Another closely related goal is to increase the performance of the system as the workload increases by just adding more processors. With central mainframes, when the system is full, it must be replaced by a larger one, usually at great expense and with even greater disruption to the users.

5. Communication:

Computer networks provide a powerful communication medium. A file that was updated or modified on a network can be seen by the other users on the network immediately.

Network Protocol:

Network protocols are the set of rules that governs data communication. Types of protocols are explained below:
Background Study and Revision, Introduction and necessity of computer networking, Fiber-optic cables, Wireless networks, Sharing Information, Sharing Resources, Sharing Applications,  Networks goals/ motivation, Networks protocols, Transmission Control Protocol, Internet Protocol, Hyper Text Transfer Protocol, Hypertext Transfer Protocol Over Secure Socket Layer, File Transfer Protocol,  Simple Mail Transfer Protocol, Post office Protocol, Internet Mail Access Protocol, User Datagram protocol, Telnet, Dynamic Host Configuration Protocol, DHCP, UDP, IMAP, POP, SMTP, FTP, HTTP, HTTPS, IP, TCP, Networking model, Application Layer,  Presentation Layer,  Session Layer,  Transport Layer, Network Layer,  Data Link Layer, Physical Layer, Internet Model, Application and use of networks,

1. TCP (Transmission Control Protocol):

When information is sent over the Internet, it is generally broken up into smaller pieces or "packets". The use of packets facilitates speedy transmission since different parts of a message can be sent by different routes and then reassembled at the destination. It is also a safety measure to minimize the chances of losing information in the transmission process. TCP is the means for creating the packets, putting them back together in the correct order at the end, and checking to make sure that no packets got lost in transmission. If necessary, TCP will request that a packet be resent.

2. IP (Internet Protocol):

Internet Protocol (IP) is the method used to route information to the proper address. Every computer on the Internet has to have its own unique address known as the IP address. Every packet sent will contain an IP address showing where it is supposed to go. A packet may go through several computer routers before arriving at its final destination and IP controls the process of getting everything to the designated computer. Note that IP does not make physical connections between computers but relies on TCP for this function. IP is also used in conjunction with other protocols that create connections.

3. HTTP (HyperText Transfer Protocol):

HTTP is a communication protocol. It defines a mechanism for communication between the browser and the webserver. It is also called request and response protocol because the communication between browser and server takes place in request and response pairs. It uses port 80.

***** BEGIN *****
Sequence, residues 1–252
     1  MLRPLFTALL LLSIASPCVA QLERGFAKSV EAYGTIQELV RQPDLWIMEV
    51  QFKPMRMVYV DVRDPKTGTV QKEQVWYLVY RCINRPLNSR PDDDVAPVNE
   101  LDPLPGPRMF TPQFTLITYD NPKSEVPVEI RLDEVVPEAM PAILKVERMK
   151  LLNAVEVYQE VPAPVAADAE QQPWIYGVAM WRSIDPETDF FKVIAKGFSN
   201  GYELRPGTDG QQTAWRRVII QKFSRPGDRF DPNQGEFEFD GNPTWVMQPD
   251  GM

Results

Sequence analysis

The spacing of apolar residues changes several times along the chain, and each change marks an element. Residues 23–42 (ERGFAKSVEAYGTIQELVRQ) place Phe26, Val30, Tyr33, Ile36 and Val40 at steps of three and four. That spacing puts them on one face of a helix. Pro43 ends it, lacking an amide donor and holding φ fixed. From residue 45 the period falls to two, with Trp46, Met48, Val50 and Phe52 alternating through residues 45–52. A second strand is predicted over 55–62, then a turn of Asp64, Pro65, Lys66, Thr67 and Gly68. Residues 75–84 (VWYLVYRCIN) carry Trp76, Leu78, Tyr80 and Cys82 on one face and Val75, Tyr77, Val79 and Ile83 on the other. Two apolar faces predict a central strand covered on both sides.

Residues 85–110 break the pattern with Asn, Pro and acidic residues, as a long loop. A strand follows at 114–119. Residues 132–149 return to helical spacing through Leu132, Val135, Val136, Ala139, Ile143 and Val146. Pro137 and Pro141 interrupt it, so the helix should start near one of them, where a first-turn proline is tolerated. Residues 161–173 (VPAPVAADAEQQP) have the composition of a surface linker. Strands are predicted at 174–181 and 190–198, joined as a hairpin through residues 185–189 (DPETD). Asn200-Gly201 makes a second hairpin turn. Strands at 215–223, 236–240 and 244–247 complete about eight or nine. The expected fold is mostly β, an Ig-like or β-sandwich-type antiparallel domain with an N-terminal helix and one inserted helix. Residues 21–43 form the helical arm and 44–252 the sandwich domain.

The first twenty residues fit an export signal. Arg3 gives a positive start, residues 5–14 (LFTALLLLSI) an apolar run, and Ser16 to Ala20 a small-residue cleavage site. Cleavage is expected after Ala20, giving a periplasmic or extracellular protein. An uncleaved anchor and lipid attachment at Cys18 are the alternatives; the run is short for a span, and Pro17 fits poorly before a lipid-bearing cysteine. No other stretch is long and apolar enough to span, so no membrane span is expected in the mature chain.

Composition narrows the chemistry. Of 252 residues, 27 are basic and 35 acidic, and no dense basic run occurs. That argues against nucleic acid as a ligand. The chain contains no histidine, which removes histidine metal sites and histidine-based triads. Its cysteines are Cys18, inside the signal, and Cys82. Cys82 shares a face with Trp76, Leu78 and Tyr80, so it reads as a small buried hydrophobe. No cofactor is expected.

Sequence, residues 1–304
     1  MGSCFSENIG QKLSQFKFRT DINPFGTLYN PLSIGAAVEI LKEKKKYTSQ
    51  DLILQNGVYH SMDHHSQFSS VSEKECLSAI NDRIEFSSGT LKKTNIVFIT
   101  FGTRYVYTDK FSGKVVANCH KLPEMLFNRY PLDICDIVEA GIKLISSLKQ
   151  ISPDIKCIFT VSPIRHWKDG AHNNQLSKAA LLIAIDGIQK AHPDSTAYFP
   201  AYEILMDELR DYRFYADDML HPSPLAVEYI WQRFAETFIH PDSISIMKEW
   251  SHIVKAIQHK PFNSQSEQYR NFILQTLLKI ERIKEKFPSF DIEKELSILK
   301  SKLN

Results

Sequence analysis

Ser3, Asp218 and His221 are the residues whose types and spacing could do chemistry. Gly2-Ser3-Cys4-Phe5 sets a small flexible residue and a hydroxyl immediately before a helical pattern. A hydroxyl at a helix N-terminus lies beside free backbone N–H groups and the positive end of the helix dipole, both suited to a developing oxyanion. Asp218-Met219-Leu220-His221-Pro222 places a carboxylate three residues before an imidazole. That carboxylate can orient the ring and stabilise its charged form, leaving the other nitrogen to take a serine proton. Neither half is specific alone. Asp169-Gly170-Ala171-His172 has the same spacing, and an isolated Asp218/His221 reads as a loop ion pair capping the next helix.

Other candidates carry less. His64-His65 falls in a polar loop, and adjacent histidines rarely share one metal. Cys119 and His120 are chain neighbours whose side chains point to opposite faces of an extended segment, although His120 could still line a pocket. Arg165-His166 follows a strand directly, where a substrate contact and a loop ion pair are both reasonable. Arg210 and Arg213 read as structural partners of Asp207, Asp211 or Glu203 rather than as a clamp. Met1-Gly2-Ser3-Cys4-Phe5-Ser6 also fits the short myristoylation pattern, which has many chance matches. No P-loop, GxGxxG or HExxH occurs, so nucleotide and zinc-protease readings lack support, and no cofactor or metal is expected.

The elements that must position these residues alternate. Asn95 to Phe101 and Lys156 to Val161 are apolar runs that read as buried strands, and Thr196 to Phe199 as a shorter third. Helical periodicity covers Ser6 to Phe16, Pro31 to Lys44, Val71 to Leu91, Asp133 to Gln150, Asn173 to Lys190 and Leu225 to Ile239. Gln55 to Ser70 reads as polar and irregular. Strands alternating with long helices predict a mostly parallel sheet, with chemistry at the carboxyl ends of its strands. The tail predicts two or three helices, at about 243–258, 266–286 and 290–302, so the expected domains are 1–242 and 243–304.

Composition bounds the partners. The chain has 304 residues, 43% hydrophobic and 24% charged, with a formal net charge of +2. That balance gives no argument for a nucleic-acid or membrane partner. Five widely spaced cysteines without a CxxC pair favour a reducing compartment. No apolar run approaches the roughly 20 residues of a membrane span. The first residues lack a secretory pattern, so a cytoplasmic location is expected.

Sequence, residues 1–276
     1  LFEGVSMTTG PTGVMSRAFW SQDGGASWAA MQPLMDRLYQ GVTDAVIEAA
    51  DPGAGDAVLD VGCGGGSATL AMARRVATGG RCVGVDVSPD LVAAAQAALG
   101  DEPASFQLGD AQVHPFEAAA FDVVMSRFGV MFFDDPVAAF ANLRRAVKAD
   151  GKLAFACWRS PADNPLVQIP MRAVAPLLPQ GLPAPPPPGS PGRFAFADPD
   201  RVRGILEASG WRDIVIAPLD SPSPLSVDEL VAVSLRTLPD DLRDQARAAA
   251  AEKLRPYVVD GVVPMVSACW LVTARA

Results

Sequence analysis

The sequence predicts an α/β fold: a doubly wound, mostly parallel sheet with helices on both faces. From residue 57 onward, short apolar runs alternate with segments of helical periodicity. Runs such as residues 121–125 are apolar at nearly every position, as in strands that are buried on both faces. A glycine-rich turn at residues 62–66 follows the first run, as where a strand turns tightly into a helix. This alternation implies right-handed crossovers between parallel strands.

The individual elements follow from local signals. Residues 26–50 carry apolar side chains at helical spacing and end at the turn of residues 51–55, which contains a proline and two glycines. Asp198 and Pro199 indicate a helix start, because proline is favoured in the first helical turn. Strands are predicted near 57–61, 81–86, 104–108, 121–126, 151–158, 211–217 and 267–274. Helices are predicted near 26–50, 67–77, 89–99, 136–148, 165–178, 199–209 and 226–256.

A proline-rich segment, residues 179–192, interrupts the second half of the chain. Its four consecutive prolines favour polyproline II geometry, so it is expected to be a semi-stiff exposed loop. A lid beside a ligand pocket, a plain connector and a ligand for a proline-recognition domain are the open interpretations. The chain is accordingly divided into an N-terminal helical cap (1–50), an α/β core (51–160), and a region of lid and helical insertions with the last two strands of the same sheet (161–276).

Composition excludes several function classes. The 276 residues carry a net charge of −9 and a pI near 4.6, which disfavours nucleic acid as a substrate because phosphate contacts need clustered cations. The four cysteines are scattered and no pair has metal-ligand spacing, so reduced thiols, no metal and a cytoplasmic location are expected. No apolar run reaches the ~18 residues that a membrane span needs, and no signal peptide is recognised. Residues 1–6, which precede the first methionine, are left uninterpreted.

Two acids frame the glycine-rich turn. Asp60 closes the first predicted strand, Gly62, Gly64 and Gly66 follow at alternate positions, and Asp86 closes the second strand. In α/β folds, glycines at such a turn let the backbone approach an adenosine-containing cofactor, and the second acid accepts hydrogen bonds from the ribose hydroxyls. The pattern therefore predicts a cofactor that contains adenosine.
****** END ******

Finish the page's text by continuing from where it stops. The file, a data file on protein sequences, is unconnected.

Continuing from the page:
4. HTTPS(Hypertext Transfer Protocol over Secure Socket Layer):

HTTPS was first introduced by Netscape. HTTPS takes care of secure communication between a web server and a web browser. HTTPS typically handles credit card transaction and other sensitive data. A Web page using this protocol will have https: at the front of its URL. It uses port 443.

5. FTP (File Transfer Protocol):

File Transport Protocol is a program that allows users and computers to send and receive large portions of data through a private or public network. It can also be used to send configuration files and software updates to network devices, such as switches and routers. FTP uses ports for communications and also uses encryption to protect the information being received and sent.
It uses port 20 for data transfer and port 21 for connection.

6. SMTP (Simple Mail Transfer Protocol):

SMTP is a TCP/IP protocol used in sending and receiving e-mail. However, since it is limited in its ability to queue messages at the receiving end, it is usually used with one of two other protocols POP3 or IMAP that let the user save the messages in a server mailbox and download them periodically from the server. In other words, users typically use a program that uses SMTP for sending e-mail and either POP3 or IMAP for receiving e-mail. On UNIX based systems, send mail is the most widely-used SMTP server for e-mail. It uses port 25.

7. POP (Post Office Protocol):

POP is one of the most commonly used protocols used to receive e-mail on many e-mail clients. There are two different versions of POP: POP2 and POP3. POP2 was an early standard of POP that was only capable of receiving e-mail and required SMTP to send e-mail. POP3 is the latest standard and can send and receive e-mail only using POP, but can also be used to receive e-mail and then use SMTP to send e-mail.